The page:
Automakers announced their United States sales for February. If you sort the brand sales, at the very bottom, you will find some surprises.
First is Smart, which sells a cheap car with terrible safety ratings, midgrade fuel economy, and mediocre acceleration — but it’s easy to park. Last February, Daimler managed to sell 348 of them; this February, they sold just 106. Surely it’s time to pull the plug? It can’t possibly even break even. A single prime-time TV commercial costs as much as five or six Smarts.
Fiat is another, with 1,241 sales for the month. That’s far, far better than Smart, but it’s hard to believe they’re making money. Sales are actually down by 42% from last year, which they were already too low. Why are they still here? Largely, one suspects, because FCA figures they need a backup plan in case gas prices go up, and because they’re trying one thing after another to boost sales — more free stuff, turbos for all, more sales locations. Also, if Fiat leaves, so does the 500e, which resolves California requirements for FCA.
Genesis is at 1,363 despite glowing reviews, and is also down around 14%. Genesis, though, is like Alfa Romeo, a bet on the future — a future when many think that midlevel mass-production cars will be finding few buyers, but sports and luxury cars will be doing well. Thus, Alfa’s 1,568 sales are just fine, thank you.
The Mini was down to 3,065 sales, which is probably sustainable given global engineering and a continued lack of mainstream advertising. Mini’s distribution is shared with BMW, reducing costs, and so far the company hasn’t had to discount much.
There are other brands with minimal sales, but each has a raison d’être and is probably profitable. Maserati’s pitiable 931 sales are mainly for two cars, the Quattroporte and Ghibli, which are based on Chrysler’s groundwork, and sell for good money — though the Ghibli, which is closer to the 300C in size, has been discounted rather heavily. Rolls-Royce, an adapted German car, can get by easily on 112 sales per month, with minimal engineering; the same goes for Bentley (165 sales). Porsche’s joining with VW and Audi helps it stay ahead even as it goes more mainstream, and its 4,382 sales are probably quite healthy.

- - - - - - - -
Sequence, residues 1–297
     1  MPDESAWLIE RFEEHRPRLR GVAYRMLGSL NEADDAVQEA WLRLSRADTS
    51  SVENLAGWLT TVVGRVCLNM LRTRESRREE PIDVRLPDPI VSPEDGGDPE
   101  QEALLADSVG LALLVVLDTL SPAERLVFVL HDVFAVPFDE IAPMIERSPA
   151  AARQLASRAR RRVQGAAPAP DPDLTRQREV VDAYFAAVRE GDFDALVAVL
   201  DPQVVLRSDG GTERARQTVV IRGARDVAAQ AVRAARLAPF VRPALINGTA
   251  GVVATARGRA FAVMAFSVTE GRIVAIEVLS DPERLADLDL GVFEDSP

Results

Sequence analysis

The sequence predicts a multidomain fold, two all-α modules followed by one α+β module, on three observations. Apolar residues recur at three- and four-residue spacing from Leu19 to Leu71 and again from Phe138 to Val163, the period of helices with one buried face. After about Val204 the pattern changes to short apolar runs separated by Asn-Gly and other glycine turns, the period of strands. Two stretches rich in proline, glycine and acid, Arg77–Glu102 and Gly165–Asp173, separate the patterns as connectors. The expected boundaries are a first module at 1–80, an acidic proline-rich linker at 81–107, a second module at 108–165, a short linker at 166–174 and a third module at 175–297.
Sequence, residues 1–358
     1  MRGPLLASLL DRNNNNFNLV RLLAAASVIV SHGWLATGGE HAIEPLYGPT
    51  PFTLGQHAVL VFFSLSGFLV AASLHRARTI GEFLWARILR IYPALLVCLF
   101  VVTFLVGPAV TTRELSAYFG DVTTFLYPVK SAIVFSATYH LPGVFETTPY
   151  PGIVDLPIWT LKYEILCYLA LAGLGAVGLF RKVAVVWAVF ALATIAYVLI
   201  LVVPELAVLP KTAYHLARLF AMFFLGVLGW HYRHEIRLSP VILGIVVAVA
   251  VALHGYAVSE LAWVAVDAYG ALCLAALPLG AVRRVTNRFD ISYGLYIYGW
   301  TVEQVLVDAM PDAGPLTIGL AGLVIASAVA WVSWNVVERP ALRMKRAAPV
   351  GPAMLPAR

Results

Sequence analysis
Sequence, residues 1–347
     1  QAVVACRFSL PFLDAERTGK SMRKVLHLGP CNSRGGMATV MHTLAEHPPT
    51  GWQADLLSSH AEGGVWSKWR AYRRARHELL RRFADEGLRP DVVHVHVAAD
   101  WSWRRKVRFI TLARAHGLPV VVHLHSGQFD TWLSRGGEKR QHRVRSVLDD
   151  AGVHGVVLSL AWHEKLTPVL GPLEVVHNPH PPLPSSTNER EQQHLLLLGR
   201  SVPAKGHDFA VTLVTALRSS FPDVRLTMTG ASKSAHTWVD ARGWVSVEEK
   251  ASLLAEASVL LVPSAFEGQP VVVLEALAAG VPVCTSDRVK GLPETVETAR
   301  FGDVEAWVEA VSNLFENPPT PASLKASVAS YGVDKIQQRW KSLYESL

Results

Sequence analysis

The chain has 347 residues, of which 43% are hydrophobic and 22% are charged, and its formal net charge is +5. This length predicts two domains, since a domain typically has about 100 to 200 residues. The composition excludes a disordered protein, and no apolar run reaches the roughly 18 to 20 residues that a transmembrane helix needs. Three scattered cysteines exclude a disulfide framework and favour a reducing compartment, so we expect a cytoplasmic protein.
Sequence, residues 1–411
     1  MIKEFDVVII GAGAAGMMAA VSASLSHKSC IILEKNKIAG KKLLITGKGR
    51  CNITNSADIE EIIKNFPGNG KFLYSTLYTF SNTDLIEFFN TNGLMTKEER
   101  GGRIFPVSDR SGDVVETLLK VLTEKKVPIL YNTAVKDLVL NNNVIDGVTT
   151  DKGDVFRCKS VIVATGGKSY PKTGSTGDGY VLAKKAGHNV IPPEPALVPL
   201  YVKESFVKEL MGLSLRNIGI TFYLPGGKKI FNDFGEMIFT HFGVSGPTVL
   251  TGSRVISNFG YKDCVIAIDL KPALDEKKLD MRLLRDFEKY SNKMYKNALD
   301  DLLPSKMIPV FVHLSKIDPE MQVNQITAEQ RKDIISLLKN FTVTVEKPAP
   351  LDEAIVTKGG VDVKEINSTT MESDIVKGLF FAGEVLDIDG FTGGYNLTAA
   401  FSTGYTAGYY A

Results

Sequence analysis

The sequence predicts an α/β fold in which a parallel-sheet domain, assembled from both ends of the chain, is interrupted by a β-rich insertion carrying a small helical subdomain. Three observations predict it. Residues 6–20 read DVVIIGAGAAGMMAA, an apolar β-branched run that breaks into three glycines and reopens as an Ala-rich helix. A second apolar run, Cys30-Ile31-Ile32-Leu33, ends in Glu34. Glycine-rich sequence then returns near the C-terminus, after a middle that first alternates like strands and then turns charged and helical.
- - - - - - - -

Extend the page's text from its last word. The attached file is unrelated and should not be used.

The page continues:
Likewise, Lincoln can probably profit even with 6,700 sales, given its high level of sharing with Ford. Jaguar is a bigger question; its 2,185 sales brought in a good profit, but what Tata Land Rover models does Jaguar share with? Lamborghini and McLaren, meanwhile, sell very few cars, but each one goes for a huge sum of cash — like the “English” Rolls and Bentley, but without quite so much sharing with Volkswagen and BMW.
Tesla is unlikely to earn a profit from its estimated 6,000 sales, though a good many of those are high-end luxury-sport cars. Indeed, so far Tesla has yet to earn an annual profit, and its quarterly profits only came about because it sells fuel-economy credits to other automakers. Tesla is soon to face a double whammy — Fiat Chrysler will have to buy fewer credits as it phases in more efficient SUVs and trucks, and the government’s $7,500 tax credit is to run out. Speaking of which, one does wonder how Karma and Faraday plan to profit, when Tesla can’t; maybe by being more focused and less ambitious?
The author of Dodge Viper, Jeep’s Go-Anywhere Vehicles, and The Rise and Reinvention of Chrysler Minivans, David Zatz has been writing about cars and trucks since the early 1990s; he also writes on organizational development and business at toolpack.info and covers Mac statistics software at macstats.org. His latest book, for kids, is Meet the Jeep.
David has been quoted by the New York Times, the Daily Telegraph, the Detroit News, and USA Today. You can reach him by using our contact form (preferred) or by calling (313) 766-2304.